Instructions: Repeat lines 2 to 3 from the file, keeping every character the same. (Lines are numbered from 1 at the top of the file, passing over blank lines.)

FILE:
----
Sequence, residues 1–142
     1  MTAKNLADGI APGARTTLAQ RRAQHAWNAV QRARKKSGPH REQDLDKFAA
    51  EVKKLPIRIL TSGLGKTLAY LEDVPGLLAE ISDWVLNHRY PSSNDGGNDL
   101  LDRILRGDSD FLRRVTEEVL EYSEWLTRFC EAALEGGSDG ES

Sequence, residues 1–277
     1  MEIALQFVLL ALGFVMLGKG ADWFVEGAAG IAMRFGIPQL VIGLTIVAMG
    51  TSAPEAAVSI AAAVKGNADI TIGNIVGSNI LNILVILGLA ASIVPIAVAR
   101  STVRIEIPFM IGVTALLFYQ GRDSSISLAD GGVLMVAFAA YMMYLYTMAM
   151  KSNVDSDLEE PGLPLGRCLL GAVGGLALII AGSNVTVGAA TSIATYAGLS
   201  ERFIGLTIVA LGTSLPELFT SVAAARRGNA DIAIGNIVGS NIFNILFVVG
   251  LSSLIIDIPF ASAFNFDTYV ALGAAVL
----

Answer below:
     1  MTAKNLADGI APGARTTLAQ RRAQHAWNAV QRARKKSGPH REQDLDKFAA
    51  EVKKLPIRIL TSGLGKTLAY LEDVPGLLAE ISDWVLNHRY PSSNDGGNDL